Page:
The election of 2012 has called attention to how difficult it is for Americans to talk reasonably with one another about public policy challenges. Our civic dialogue — how we sort through issues and reason with one another — is too often lamentable.
We live in a politically divided country. Congress, which ought to serve as the forum where politicians of diverse views find common ground, is instead riven by ideological disagreements. There’s no real discourse, just the two parties hammering at each other in a mean-spirited, strident tone. Small wonder the public holds Congress in such low esteem.
It seems impossible to change, but it’s not. Ordinary citizens — you and I — have it in our power to put our political dialogue back on track.
The first step is to understand that in a politically and socially diverse country, with two houses of Congress and a president required to pass legislation, compromise isn’t a luxury. It is almost always a necessity. Too few politicians seem to grasp this.
So if we want things to improve, if we don’t like intense partisanship and political game-playing, then we must choose officials with an instinct for collaboration. And we, as their constituents, have to give them room to craft legislation with broad appeal.
The budget, taxes, entitlements, education, immigration — on all these issues there is room for each side to accommodate the other. But to make progress on these matters, it will take political leadership of the highest order: leaders who are fair, open-minded, and committed above all else to bringing people together through discussion, debate and compromise.
Let me be clear: We should expect disagreement in our politics. Vigorous debate has been a constant in American history, and let’s hope it always will be. Controversy and argument are natural parts of a working democracy. Our Founders understood this, as a way for multiple views to be aired and possible solutions weighed. Competition for power lies at the heart of our system, and an intense struggle for votes that is marked by the clash of ideas should be encouraged, not feared.
But healthy debate requires other ingredients, too: Respect for one’s adversary. Tolerance of different beliefs and perspectives. Graciousness. A fundamental respect for facts. The humility to recognize that we might be wrong and the integrity to admit it.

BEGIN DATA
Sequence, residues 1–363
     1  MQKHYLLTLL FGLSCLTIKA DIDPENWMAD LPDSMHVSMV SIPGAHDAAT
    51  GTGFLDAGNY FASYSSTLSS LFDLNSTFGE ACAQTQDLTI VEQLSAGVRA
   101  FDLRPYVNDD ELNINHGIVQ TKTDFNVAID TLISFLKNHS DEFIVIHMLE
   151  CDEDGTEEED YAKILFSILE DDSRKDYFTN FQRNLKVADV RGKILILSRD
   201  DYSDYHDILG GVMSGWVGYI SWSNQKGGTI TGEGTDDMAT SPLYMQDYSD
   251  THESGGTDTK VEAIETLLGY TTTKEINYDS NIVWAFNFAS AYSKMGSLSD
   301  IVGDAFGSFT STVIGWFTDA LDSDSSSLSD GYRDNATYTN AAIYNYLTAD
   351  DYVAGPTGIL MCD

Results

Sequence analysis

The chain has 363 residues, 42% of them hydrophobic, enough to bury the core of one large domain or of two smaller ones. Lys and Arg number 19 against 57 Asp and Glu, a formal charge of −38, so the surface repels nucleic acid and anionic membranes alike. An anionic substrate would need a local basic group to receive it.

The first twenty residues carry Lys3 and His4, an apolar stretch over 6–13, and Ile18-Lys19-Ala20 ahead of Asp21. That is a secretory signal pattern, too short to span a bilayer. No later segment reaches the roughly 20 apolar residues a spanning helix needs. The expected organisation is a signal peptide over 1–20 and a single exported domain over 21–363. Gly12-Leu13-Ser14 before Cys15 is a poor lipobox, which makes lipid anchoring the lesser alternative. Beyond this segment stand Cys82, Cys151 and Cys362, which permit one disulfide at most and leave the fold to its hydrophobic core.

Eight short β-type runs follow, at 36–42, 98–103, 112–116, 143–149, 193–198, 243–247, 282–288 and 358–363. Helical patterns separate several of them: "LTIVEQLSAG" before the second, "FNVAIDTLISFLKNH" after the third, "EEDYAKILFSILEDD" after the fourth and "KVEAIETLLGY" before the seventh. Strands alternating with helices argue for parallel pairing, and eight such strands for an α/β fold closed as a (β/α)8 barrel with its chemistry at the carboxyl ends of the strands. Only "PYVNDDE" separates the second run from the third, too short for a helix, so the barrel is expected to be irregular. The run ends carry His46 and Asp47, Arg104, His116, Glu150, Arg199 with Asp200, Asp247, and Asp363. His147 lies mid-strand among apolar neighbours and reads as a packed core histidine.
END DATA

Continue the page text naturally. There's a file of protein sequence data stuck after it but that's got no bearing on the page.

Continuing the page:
When the next political attack ad appears on your television screen, keep these virtues in mind. Because if we don’t like the tone of our politics, you and I are the only ones who can change it. We must make it clear to office-seekers and to our political friends that we do not like inflammatory name-calling or constant attacks on an opponent’s motivation. Let it be known we are tired of excessive partisanship — that we want a genuine dialogue that searches for common ground and solutions.
Knowing how to disagree without obstructing progress should be a bedrock skill for officeholders. They must know how to state their case cogently, in a manner that is substantive and factual, and does not attack the motivation or patriotism of those with whom they disagree. The more this kind of behavior becomes the norm, the better our political system will work and the stronger our nation will be. Because the reverse is true, too: a politics that consists of debasing, demeaning, or attempting to silence the people with whom we disagree is a warning sign of an ailing democracy.
Plenty of powerful groups and interests in this country try to manipulate public opinion. But special interests don’t have the final say on who gets elected. You, the average citizen, have the one thing every candidate values most highly: a vote.
Use it, and use it wisely. Help America turn away from a coarse, surly politics that dwells on differences and places party loyalty ahead of national progress. Choose leaders of a civil temperament who listen attentively to a wide range of views, who see value in bridging the partisan divide, and who will pragmatically address our nation’s challenges.
Lee Hamilton is Director of the Center on Congress at Indiana University. He was a member of the U.S. House of Representatives for 34 years.